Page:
A development that would transform a former Chrysler dealership into a residential neighbourhood over the next 10 years took a big first step Tuesday night as Coquitlam council unanimously granted first reading.
Dubbed TriCity Central, the $1.2 billion development includes nine towers totalling 4,000 residential units and 586,000 square feet of commercial space spread over seven lots at Pheasant Street, Christmas Way and Lougheed Highway.
The project is a “game changer,” according to Mayor Richard Stewart.
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Given that the project is approximately 100 metres from SkyTrain, West Coast Express and a bus loop, it’s critical that there should be housing in the area, and “rental housing in particular,” Stewart said.
After 40 years of failing to build rental housing in Coquitlam, council is now looking for ways to re-incentivize rental housing without the support of federal tax credits, Stewart explained.
Located on an 11.75-acre site south of Lougheed Highway and west of Westwood Mall, the project is set to include eight towers ranging from 46 to 54 storeys.
The unit mix includes approximately 3,024 condos and 1,046 rental units. Of the rental units, 893 would be market rentals and 153 would be offered at below market rates. Of those 153 rentals, 111 would be one-bedroom units and 42 are slated to be two-bedroom units.
In supporting the project, Coun. Dennis Marsden said he wanted more detail about rents in the below-market units.
The project also includes a 27 storey office/hotel tower with 150 hotel rooms and a conference centre.
Couns. Steve Kim and Trish Mandewo each zeroed in on the project’s economic benefits. At full build-out the development is expected to generate between 1,200 and 1,700 jobs on the site.
“That’s just great to see,” Kim said.
“We’re going to be having so many people going to work in this area,” she said.
Mandewo voiced a note of concern about traffic, asking if there might be some incentives to ensure the residents use transit.
“A lot of people right now are scared about all the buildings that are coming and they’re saying that traffic is going to be crazy,” she said.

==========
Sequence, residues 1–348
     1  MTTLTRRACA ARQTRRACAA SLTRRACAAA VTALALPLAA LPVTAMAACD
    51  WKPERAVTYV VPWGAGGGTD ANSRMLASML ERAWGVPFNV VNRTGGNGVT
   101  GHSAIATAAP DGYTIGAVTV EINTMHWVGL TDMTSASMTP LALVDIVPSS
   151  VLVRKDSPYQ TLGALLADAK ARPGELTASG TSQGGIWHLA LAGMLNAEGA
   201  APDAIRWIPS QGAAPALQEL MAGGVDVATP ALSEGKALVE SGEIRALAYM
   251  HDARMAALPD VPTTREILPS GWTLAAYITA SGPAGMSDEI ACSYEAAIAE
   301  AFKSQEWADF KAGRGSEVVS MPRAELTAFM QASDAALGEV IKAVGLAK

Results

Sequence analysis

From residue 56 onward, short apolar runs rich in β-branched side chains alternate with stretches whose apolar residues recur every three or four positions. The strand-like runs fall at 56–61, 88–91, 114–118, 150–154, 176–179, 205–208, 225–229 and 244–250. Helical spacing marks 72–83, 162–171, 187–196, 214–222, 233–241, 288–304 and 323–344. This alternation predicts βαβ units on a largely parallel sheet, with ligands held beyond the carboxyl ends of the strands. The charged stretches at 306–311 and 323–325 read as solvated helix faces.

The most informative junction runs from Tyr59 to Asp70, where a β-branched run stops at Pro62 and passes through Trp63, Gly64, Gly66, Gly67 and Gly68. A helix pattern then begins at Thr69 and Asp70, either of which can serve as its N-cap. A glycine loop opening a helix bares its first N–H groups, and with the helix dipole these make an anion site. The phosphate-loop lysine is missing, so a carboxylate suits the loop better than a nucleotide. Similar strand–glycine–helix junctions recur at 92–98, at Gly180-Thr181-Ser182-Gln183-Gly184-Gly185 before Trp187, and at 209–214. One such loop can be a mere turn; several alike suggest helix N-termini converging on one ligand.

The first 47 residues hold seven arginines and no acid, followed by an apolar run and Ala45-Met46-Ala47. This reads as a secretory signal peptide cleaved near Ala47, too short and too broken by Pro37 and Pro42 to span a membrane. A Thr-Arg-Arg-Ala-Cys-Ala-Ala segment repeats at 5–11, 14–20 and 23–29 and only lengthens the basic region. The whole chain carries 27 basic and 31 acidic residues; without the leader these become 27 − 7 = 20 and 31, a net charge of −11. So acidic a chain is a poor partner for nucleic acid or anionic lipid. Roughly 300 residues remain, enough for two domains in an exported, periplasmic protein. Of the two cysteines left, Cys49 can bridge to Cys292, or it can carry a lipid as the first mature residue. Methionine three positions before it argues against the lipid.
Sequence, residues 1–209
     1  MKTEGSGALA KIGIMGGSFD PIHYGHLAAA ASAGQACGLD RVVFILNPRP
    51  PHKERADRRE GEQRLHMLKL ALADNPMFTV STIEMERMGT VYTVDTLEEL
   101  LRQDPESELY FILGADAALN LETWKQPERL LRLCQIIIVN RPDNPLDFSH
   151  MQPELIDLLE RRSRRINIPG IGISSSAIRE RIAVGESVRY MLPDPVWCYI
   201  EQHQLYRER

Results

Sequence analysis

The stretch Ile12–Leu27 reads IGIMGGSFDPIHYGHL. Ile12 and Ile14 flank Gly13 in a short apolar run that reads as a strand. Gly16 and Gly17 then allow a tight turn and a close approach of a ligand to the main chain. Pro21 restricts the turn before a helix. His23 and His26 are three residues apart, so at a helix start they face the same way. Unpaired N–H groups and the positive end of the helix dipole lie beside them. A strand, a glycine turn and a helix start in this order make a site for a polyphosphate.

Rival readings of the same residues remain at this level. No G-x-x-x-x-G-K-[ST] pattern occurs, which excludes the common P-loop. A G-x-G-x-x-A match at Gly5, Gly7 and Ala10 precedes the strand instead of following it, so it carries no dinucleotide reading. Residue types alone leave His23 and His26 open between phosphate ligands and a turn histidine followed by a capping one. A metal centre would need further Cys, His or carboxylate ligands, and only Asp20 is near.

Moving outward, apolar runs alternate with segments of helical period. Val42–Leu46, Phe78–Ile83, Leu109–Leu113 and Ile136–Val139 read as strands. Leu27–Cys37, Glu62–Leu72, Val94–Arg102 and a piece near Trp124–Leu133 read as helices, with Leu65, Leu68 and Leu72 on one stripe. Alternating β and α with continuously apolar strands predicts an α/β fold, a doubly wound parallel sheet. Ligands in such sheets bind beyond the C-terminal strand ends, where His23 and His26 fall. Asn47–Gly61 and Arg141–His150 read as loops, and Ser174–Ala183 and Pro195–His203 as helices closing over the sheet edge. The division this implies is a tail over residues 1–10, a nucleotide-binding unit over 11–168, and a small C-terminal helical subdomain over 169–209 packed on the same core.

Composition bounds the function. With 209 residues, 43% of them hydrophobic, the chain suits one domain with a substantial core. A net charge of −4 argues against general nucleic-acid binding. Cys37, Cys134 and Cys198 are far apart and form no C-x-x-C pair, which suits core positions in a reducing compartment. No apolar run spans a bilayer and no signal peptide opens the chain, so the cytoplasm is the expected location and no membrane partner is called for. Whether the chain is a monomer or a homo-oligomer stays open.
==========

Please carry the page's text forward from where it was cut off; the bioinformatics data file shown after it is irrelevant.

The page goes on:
Coun. Teri Towner suggested some of those concerns could be assuaged by having a car share service nearby.
“We want people to get rid of their cars if they’re living so close to transit but, from what I hear, people still need access to a car every now and then to go visit their aunt in Mission or go to Costco and stock up,” she said. “Having car-share close is very beneficial for livability.”
Once finished, the development is set to include a childcare centre with space for approximately 220 children.
While he praised the project as “absolutely amazing,” Coun. Chris Wislon suggested the project could include a temporary childcare centre until the permanent centre is built.
Having temporary childcare during the first phase of construction is a “nice to have,” said Coun. Brent Asmundson.
Asmundson emphasized the importance of ensuring the project is economically feasible moving forward.
“We’ve got the office tower, we’ve got a convention centre, we have a hotel, we have market rental. We’re loading up a lot on this development,” Asmundson said.
The project is set to be built in two phases and could be completed by 2032, according to a tentative estimate from city staff.
The project still needs to go through a public hearing and subsequent votes from council before construction can begin.
Preliminary designs also include Yates Crescent, a new C-shaped street that would loop west from Christmas Way before dipping south and turning east back toward Christmas Way. The project is also slated to include Redwood Avenue, which would run from Christmas Way to Lougheed Highway, intersecting with Yates Crescent and dividing the development.
If approved, the developer would build a pedestrian/cyclist bridge over Lougheed Highway to the site. The prospect seemed to please Mayor Stewart, who noted the area’s current challenges.
“It is a very complicated manoeuvre by bicycle to try to get over to the transit station if you’re northbound on Lougheed,” Stewart said.
The developments is slated to include two parks totalling slightly more than one acre. Another parcel of land, approximately 0.45 acres, is earmarked for a future park.
Cash on the table
While financial estimates are preliminary, the project is expected to generate about $83.4 million for the city through amenity contributions, density bonuses, development cost charges and transportation demand management. The total also includes $34.3 million for road and city land purchases.